Wikileaks founder Julian Assange arrested in London

Wikileaks founder Julian Assange arrested in London

Ben Dembinski, Staff Writer

 On Apr. 11, Julian Assange was arrested outside of the Ecuadorian Embassy in London, England after his nearly 8 stay there. Assange is the founder of the website “Wikileaks”, which publishes government documents for the populos to see and criticize the government.

  Back in 2006, Julian Assange founded the website in hopes of informing the people about what the government knows about them. The website publishes government documents which people can download. After he founded, the website he was investigated by the US on accounts of treason because what he was doing was stretching the law beyond its limits.

  After he was accused of the crimes Assange hid in the Ecuadorian Embassy in london, where for the next 7 years he would stay. This is a big deal, because he couldn’t be arrested due to the laws in england which make embassies a safe haven, where they can’t be arrested due to the foreign influence of other countries and the recognition of the embassy as an extension of the country. For people like Assange, this is the only option.

  During the seven years, Assange stayed in the embassy, which he couldn’t leave due to his status as a criminal in England. As time progressed, his website grew and was responsible for many leaks including a video of a helicopter attack in Iraq, which showed the American crew killing the Iraqi soldiers while saying, “Keep firing, keep firing.”

  Americans were rightfully outraged, but the US army said that the crew would not be punished. Many government officials were claiming that Wikileaks should be taken down because, technically, that video and other following documents were classified and not meant for the public to see.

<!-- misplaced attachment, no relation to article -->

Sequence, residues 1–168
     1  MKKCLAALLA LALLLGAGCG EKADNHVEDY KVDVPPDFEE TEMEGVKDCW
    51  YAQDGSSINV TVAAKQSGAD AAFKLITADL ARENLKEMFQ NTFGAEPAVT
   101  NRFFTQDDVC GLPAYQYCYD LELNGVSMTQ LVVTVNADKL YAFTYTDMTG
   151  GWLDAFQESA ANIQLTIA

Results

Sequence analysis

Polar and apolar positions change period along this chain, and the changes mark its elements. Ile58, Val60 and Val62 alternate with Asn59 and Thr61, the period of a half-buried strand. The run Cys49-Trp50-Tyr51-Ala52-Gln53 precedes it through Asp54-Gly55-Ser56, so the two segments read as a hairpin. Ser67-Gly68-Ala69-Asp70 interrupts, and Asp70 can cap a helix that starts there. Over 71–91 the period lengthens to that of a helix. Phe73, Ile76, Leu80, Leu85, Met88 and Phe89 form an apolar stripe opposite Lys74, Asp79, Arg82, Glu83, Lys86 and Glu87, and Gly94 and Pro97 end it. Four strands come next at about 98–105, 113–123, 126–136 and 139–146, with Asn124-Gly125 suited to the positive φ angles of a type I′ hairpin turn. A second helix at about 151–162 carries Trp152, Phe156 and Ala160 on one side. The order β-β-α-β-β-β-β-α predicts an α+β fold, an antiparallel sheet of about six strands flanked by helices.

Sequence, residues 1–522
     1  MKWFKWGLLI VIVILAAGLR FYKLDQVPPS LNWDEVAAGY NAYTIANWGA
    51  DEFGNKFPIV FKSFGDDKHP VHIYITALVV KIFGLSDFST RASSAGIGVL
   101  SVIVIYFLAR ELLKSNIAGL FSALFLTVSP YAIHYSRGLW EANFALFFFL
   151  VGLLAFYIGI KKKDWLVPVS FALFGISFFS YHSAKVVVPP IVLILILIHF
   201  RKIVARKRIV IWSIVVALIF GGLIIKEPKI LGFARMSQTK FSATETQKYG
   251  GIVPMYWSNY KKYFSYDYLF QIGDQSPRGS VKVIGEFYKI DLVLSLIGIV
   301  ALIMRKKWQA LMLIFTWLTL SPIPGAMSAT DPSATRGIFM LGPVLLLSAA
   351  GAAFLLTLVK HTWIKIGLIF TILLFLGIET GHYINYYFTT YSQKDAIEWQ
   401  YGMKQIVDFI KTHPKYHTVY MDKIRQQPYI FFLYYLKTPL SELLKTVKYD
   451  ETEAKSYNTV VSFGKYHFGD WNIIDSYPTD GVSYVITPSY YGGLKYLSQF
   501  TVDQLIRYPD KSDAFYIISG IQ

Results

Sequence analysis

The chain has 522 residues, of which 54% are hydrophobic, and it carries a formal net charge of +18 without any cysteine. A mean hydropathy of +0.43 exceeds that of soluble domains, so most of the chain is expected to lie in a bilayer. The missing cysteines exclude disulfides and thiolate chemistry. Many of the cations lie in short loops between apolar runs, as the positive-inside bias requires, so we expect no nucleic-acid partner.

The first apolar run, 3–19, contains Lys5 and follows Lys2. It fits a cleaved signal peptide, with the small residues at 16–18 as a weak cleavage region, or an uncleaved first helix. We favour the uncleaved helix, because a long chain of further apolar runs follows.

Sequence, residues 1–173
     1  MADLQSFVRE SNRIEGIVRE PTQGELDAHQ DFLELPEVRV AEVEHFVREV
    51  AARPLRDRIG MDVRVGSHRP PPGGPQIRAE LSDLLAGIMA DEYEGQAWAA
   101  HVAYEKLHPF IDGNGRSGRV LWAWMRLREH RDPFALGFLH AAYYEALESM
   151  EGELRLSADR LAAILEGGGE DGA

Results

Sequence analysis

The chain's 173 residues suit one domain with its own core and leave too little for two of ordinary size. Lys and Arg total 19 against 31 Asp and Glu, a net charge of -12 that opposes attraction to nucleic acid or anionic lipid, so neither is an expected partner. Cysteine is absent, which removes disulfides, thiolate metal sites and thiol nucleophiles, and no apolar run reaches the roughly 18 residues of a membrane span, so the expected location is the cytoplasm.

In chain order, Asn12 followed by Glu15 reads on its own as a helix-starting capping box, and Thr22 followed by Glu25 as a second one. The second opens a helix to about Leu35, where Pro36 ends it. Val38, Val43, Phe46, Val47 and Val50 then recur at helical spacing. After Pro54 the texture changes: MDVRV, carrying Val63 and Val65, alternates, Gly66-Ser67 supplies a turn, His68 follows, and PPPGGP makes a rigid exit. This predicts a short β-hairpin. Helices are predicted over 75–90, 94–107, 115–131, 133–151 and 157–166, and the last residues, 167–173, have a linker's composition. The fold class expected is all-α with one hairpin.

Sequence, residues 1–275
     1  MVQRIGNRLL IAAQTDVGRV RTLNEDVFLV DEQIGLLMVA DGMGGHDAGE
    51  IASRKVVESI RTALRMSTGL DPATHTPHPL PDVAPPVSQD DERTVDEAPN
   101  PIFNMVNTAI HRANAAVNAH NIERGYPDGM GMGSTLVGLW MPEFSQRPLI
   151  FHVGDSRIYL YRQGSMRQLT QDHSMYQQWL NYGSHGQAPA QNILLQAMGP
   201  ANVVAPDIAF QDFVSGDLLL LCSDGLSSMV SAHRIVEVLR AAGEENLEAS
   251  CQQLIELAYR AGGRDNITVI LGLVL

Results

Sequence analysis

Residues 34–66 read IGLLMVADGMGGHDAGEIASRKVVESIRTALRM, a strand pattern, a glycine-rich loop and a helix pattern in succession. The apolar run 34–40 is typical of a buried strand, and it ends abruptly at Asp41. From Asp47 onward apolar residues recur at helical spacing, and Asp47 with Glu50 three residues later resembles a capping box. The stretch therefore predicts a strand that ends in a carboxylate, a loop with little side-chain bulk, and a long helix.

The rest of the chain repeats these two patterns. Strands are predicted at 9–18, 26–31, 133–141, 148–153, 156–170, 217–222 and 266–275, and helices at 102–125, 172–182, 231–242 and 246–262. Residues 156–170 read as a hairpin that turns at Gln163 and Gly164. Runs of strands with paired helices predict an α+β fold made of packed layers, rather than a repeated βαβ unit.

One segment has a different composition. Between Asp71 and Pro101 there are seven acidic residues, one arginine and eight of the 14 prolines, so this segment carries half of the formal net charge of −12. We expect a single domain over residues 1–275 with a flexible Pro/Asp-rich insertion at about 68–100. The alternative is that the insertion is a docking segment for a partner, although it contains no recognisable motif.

Assange said in response to the allegations, “What is the possible benefit? Can this material save lives? Can it improve the quality of life in Iraq? Can it tend to shape our perceptions of how war should and should not be conducted? Can it shape our perceptions of who should be conducting war and in what manner? And the answer to that is a clear: Yes.”

  Even though he pleaded his case the england government wanted to extradite Assange to the US, or bring a criminal back to the country of which they originate. But Assange took refuge in the Ecuadorian Embassy, where he would stay for seven years.

  Just recently, Assange was arrested outside the embassy on the charges of hacking into the US government. Officials at the embassy removed his asylum, or immunity to England’s laws, after some “bad behavior.” Reportedly Assange destroyed a rug and a couple other things in the embassy, which prompted HSI removal.

  Lakeview students have their own opinions on the subject.

  Sophomore Jacob Roy stated, “I didn’t really know about wikileaks until I heard about Assange getting dragged out of the embassy.”  Roy continued, ”Now that I know what he did, I agree with the arrest because he leaked classified documents, the documents weren’t so controversial. I could see it.”

  In contrast to Roy, senior Dylan Vanhorn said, ”I don’t think Assange did nothing wrong.He showed the flaws in our government. That’s something that American citizens need to know.” Vanhorn continued, “Should he have hid in the embassy for seven years? No, but what other option did he have?”

  Overall, this arrest is groundbreaking because of its subject, the man who exposed the government’s flaws. This is something that is needed, because like Vanhorn said, “American citizens need to know.” This whole situation of Wikileaks and its founder is a question of how much do the citizens of a nation need to know about its government. Nobody knows where that line lies, and we may never know.